At some point, Michael and I had decided to make Wendy’s Carepage public, so that other people could take comfort in her story, as I had taken comfort in the stories of others over the years, especially when we were looking for stories of kidney transplants.  We had people follow us from all over the world, and they wrote messages of support as well.

I’m going to miss Carepages, it was a part of our life for a long time. Now in the age of facebook and WordPress, it seems almost quaint to have a blog site dedicated just to an illness journey.  Perhaps that’s why it’s going away.  But it marked our lives.   It marked Wendy’s life, her health, her strength.

Today, Carepages showed me how far we’ve come.  A new town, a new home, a new baby (now eight years old), and new friendships along with the strengthening of old friendships. So thank you, Carepages, for everything, for the good, the bad, and the ugly.

Thank you for the hope.  Thank you for the journey.

 

When to Divorce Your Doctor?

I was hot.

I was furious at Wendy’s endocrine practice.  This had been the third time in four years that I couldn’t get Wendy’s school orders without multiple phone calls that required phone trees and leaving messages on answering machines and waiting for someone to get back to me, multiple times. Every delay each year was for  a different reason:  wrong address, new medical management system, most schools start after Wendy’s school.  But I had had enough.

I decided that I needed to look elsewhere for another place for Wendy and for me.  This just wasn’t working for us.  This divorce has been a long time in coming, but like real marriages, there are positives and negatives to a medical relationship.    It’s when the bad outweighs the good, that you can safely feel like it’s time to walk away and join another practice.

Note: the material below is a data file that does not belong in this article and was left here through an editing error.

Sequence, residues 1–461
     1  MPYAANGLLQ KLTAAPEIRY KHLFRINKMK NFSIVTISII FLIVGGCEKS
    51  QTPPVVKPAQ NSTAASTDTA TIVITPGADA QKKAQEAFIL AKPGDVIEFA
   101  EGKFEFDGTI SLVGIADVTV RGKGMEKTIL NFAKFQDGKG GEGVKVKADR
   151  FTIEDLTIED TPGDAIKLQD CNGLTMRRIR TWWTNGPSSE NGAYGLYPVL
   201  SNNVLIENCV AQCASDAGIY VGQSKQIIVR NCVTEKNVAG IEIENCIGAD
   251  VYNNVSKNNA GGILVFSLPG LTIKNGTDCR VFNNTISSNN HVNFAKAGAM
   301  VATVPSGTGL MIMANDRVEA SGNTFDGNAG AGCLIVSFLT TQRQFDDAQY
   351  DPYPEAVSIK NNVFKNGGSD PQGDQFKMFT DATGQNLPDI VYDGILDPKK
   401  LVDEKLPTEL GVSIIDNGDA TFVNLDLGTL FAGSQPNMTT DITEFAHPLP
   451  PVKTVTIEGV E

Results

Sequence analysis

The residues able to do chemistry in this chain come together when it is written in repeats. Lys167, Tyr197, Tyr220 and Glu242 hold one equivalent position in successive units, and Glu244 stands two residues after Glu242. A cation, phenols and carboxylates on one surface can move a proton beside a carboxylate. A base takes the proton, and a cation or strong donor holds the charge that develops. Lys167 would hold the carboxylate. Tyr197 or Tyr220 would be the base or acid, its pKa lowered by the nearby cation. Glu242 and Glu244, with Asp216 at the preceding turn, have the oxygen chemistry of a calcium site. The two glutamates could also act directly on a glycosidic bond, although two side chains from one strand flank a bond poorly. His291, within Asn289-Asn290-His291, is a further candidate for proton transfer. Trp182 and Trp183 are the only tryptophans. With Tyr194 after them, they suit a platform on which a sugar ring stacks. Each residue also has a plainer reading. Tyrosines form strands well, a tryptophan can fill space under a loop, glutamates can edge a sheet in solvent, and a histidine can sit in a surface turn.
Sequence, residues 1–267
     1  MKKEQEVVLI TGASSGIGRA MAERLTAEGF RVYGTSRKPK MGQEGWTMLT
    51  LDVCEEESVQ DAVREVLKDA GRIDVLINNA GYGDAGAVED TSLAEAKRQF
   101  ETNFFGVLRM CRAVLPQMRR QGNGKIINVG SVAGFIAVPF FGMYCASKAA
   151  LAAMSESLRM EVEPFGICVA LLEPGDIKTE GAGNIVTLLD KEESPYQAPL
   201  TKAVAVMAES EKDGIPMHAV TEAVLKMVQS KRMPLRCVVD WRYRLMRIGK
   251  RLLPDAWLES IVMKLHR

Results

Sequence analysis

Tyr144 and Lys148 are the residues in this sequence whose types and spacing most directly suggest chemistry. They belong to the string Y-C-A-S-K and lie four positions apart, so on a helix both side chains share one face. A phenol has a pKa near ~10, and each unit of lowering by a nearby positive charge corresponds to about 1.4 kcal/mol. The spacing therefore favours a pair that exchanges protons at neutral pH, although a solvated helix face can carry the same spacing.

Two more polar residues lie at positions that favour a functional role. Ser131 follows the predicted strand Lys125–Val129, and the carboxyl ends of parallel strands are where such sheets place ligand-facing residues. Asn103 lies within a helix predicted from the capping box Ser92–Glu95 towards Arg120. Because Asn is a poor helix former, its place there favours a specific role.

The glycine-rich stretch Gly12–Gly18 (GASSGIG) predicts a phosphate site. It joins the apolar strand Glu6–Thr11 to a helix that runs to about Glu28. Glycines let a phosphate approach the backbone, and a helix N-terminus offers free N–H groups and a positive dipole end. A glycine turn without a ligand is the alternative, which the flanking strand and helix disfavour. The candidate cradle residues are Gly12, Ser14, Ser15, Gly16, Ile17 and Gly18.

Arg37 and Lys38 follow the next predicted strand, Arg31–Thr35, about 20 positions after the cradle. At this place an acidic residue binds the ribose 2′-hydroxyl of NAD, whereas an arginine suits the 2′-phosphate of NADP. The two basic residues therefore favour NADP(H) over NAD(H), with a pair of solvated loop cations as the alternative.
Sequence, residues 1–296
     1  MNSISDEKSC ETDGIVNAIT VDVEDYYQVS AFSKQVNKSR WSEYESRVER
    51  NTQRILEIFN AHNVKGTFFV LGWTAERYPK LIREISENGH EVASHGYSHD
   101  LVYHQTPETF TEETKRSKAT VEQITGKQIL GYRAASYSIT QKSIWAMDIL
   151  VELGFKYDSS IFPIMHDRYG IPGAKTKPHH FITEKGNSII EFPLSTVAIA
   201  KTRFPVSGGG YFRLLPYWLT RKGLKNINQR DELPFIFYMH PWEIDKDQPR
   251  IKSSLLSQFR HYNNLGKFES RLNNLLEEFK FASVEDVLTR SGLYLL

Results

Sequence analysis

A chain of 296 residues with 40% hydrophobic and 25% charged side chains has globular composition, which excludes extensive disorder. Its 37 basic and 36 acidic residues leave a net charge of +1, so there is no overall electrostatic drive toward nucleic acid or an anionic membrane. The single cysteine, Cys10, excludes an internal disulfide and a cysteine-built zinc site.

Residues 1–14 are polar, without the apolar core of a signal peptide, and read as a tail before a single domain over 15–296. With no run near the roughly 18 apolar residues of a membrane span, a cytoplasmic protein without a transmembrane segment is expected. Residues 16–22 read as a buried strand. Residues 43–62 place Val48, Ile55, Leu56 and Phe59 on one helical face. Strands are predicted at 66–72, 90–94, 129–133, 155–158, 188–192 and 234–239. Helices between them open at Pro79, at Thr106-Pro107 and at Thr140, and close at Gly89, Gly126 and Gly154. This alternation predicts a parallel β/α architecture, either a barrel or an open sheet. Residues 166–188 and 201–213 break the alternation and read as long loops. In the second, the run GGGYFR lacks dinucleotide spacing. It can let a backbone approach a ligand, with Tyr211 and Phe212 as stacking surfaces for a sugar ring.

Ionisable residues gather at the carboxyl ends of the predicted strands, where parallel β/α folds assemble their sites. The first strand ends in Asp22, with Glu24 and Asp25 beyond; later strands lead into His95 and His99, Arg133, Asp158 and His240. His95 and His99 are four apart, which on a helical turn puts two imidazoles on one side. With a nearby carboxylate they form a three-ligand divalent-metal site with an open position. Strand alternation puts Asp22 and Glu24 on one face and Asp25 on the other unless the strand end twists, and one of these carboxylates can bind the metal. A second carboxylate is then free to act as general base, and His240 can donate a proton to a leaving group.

But I didn’t want to do it just because I was angry, and it wasn’t because I had gotten bad news that I just couldn’t accept.  An important thing I learned is that in medical relationships, as in most relationships,  you can’t expect perfection, but you should expect to feel satisfied with the way you are being treated.  And I didn’t feel like we were being treated well.

Add to this the fact that Wendy’s actual endocrinologist was leaving for another opportunity, so we felt like if we were going to make a move, that now would be a good time, because we were going to have to meet and use a new doctor anyway, so we might want to consider going to another facility all together.

Luckily we had many other options, living in a city like Boston.  Not only do we have our hospital, but there are two other pediatric hospitals in the city.  Additionally, we have the Joslin Diabetes Clinic, the oldest and most prestigious medical center for diabetes in the world.  We had a lot of choices, and Michael and I really weighed them, because all of them were good options.

We decided to go with Joslin, because like Mass General Hospital, Wendy could transition from a pediatric patient to an adult patient within the same institution.  Also, since Joslin is a clinic and not an inpatient facility, Wendy’s hospital home would still be Mass General (as she would still see nephrology there.)  Finally, with Joslin there was an opportunity to possibly be part of new and interesting clinical trials that used a large sample size available to Joslin.  Taken all together, it was worth a try.